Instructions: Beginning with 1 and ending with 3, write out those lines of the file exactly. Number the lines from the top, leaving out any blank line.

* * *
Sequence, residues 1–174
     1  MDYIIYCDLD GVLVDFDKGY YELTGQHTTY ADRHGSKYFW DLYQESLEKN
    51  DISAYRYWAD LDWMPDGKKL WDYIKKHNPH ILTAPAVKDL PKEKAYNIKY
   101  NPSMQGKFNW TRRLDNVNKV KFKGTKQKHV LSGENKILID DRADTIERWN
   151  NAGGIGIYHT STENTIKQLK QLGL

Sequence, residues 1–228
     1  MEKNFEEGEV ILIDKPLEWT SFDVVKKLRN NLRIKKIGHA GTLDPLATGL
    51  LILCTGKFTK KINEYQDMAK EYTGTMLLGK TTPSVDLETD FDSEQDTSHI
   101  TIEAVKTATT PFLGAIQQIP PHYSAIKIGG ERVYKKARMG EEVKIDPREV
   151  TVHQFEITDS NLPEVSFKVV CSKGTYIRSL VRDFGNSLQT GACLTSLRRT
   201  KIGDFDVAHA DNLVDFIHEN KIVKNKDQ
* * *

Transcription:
Sequence, residues 1–174
     1  MDYIIYCDLD GVLVDFDKGY YELTGQHTTY ADRHGSKYFW DLYQESLEKN
    51  DISAYRYWAD LDWMPDGKKL WDYIKKHNPH ILTAPAVKDL PKEKAYNIKY